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Despite injury to Adem Bona, UCLA men’s basketball keeps confidence intact

Freshman forward Adem Bona yells after a play. Bona left No. 1 seed UCLA men’s basketball’s win over No. 4 seed Oregon on Friday night early in the second half with a shoulder injury. (Joseph Jimenez/Assistant Photo editor)

By Sam Settleman

March 11, 2023 11:56 a.m.

LAS VEGAS — Adem Bona dove across the floor in tireless pursuit of a loose ball.

The freshman forward had given possession back to UCLA early in the second half as part of a run that put the Bruins up eight and their fans on their feet. It was a sequence that looked eerily similar to one that had taken place just six days prior – in more ways than one.

In a win over Arizona last Saturday, junior guard Jaylen Clark notched a steal and quick score that put UCLA up 11. But just like Clark, Bona didn’t get up after the momentum-shifting play, the freshman grasping at his left shoulder in pain.

“We’ve just been in these situations before,” said senior guard/forward Jaime Jaquez Jr. “Four years. We get a lot of experience.”

Bona ultimately didn’t return for No. 1 seed UCLA men’s basketball, but the Bruins didn’t blink in what ultimately ballooned to a 19-point win over No. 4 seed Oregon in the Pac-12 tournament semifinals Friday night. UCLA had done just the same against Arizona the week prior, locking down the Wildcats in the second half despite the absence of Clark.

Coach Mick Cronin had no update on Bona’s status after the game.

“You think I’d tell you?” Cronin said. “No idea. He looks good in the locker room.”

With Bona’s status in question, UCLA will get another crack at No. 2 seed Arizona in the conference championship game Saturday, potentially down two starters from its matchup with the Wildcats just a week ago.

(Joseph Jimenez/Assistant Photo editor)
Bona walks off the floor while grabbing at his left arm. (Joseph Jimenez/Assistant Photo editor)

The injury to its starting big man put an immediate dent in UCLA’s second-half advantage Friday. A 12-3 run early in the frame had put the Bruins up eight, but the Ducks cut their deficit to three in an instant, taking advantage of Bona’s absence with a wide-open rim run from center N’Faly Dante.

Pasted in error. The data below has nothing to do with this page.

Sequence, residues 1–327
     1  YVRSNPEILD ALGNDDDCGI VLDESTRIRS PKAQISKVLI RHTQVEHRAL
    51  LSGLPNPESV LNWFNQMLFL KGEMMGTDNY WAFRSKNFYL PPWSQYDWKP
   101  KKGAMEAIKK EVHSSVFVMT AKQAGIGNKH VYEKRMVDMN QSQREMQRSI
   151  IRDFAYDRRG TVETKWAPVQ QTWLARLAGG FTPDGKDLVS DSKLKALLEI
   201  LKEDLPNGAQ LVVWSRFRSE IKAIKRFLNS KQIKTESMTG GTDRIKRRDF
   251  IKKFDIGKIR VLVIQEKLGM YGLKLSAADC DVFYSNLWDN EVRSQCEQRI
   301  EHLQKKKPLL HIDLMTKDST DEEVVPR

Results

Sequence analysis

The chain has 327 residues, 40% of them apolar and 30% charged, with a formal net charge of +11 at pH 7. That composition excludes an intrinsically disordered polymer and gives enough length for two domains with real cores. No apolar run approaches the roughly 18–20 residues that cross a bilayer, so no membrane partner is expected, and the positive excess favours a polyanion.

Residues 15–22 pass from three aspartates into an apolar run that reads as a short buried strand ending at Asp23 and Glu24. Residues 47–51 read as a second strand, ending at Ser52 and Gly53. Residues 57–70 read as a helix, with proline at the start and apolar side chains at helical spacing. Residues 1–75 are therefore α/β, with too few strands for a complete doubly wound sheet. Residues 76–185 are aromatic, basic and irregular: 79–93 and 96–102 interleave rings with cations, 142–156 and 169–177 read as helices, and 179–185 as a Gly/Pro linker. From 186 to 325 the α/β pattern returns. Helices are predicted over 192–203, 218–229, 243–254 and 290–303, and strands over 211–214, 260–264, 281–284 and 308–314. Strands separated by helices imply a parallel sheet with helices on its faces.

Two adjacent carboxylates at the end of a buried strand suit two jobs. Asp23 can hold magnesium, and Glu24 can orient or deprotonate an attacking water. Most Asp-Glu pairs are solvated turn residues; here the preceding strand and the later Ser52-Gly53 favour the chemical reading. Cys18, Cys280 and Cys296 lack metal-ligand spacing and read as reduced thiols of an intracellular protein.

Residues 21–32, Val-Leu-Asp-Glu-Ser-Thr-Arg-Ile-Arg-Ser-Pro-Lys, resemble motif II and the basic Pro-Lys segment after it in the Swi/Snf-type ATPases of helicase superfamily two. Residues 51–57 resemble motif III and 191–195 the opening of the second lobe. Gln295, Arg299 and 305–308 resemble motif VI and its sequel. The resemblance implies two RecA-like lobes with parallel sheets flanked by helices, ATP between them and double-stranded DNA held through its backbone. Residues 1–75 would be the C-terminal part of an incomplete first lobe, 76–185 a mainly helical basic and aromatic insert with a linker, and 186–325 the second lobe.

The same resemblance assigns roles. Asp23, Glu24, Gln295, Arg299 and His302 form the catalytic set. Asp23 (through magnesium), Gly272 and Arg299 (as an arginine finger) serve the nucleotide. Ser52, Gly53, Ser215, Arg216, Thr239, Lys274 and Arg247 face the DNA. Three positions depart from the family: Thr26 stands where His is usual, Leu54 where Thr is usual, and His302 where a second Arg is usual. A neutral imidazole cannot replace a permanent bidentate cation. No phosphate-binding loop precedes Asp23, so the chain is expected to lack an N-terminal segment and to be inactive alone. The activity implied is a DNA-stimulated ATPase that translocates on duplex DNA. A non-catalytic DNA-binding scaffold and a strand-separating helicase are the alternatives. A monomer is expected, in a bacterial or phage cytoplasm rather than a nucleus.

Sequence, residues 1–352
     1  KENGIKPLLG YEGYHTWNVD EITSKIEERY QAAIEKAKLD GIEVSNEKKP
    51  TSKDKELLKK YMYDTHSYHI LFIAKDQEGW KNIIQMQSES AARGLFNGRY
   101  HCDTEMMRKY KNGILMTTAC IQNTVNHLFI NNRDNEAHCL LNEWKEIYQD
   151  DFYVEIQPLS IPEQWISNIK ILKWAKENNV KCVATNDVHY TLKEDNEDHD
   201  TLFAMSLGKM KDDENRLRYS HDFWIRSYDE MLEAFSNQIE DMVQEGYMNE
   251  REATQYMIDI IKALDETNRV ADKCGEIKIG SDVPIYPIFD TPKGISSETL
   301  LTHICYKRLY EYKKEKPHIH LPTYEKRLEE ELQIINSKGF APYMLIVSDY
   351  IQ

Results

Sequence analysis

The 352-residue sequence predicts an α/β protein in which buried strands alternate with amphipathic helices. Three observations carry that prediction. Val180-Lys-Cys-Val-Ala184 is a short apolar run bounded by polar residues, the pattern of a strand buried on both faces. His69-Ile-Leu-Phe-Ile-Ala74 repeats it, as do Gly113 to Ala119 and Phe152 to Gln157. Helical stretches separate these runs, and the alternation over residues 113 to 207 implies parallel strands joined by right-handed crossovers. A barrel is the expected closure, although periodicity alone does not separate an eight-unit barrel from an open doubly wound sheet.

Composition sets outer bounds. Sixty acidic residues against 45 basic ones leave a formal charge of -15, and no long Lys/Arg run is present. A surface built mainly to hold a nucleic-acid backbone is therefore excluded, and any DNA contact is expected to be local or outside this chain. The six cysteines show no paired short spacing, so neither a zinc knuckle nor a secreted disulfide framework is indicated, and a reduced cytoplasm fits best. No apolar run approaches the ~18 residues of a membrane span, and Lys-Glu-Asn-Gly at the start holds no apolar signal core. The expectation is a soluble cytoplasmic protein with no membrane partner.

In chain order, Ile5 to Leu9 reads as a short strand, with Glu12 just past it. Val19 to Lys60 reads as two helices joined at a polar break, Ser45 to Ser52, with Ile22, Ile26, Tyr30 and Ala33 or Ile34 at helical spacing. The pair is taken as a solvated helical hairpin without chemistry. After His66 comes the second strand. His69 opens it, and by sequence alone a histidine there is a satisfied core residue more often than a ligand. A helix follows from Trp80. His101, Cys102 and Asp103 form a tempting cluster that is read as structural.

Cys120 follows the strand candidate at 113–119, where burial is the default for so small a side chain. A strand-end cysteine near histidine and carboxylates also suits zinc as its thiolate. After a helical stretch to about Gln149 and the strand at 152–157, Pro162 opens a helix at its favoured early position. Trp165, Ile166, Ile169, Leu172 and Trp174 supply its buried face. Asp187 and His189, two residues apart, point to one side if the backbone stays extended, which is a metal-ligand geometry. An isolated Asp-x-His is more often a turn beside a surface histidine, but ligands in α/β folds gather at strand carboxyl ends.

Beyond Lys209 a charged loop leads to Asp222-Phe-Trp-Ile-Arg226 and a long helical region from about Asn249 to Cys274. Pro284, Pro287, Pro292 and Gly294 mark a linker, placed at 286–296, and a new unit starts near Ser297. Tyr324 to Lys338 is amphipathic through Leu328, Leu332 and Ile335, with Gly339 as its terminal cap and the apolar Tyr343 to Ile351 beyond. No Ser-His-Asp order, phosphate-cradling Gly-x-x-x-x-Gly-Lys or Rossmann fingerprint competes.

Nevertheless, redshirt senior guard Tyger Campbell responded by scoring 11 of UCLA’s next 13 points in a run that put Oregon in dire territory.

“They cut it to three and Coach called some great plays, and our bigs were getting me open on our ball screens,” Campbell said.

[Related: Tyger Campbell propels UCLA men’s basketball to spot in Pac-12 championship game]

Bona had tallied four points, four rebounds and one emphatic swat in the first half, playing 14 minutes by avoiding foul trouble despite Dante regularly challenging the freshman down low.

Oregon’s 6-foot-11 All-Pac-12 First Team center, and its leading scorer, was held to just 3-of-11 shooting with eight points Friday night.

Cronin said while he still tried to throw some perimeter players at Dante in the post, his big men held strong against Oregon’s trio of 7-footers – even with Bona out for most of the second half.

“We did a good job, no doubt about it,” Cronin said. “We’re not the biggest team in the world. But like I said, it’s not how big you are, it’s how big you play.”

Redshirt freshman forward Mac Etienne filled in the rest of the minutes at the five for UCLA in the first half, but with Bona sidelined, the Bruins went to a two-man rotation with Etienne and redshirt senior forward/center Kenneth Nwuba.

Nwuba has played sparsely as of late – with Etienne the only big off the bench in UCLA’s quarterfinals win Thursday – after sustaining a hamstring injury a month ago. With a +12 plus/minus in just eight minutes Friday, Nwuba notched two blocks in the span of just over a minute as part of a run that dealt the final blow to the dwindling Ducks.

“Those are big-time blocks too. He came from out of nowhere. I didn’t know he was going to get those,” Cronin said. “It was good to see him moving good again.”

Injuries to two of its starters may make UCLA’s path through the postseason more difficult, but in the short term, the Bruins seem unfazed.

“Not a shock,” Cronin said. “It’s why guys get scholarships.”

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Sam Settleman | Sports editor
Settleman is currently the Sports editor on the football, men's basketball and gymnastics beats. He was previously an assistant editor on the gymnastics, women's soccer, women's golf, men's water polo and women's water polo beats and a contributor on the gymnastics and women's water polo beats.
Settleman is currently the Sports editor on the football, men's basketball and gymnastics beats. He was previously an assistant editor on the gymnastics, women's soccer, women's golf, men's water polo and women's water polo beats and a contributor on the gymnastics and women's water polo beats.
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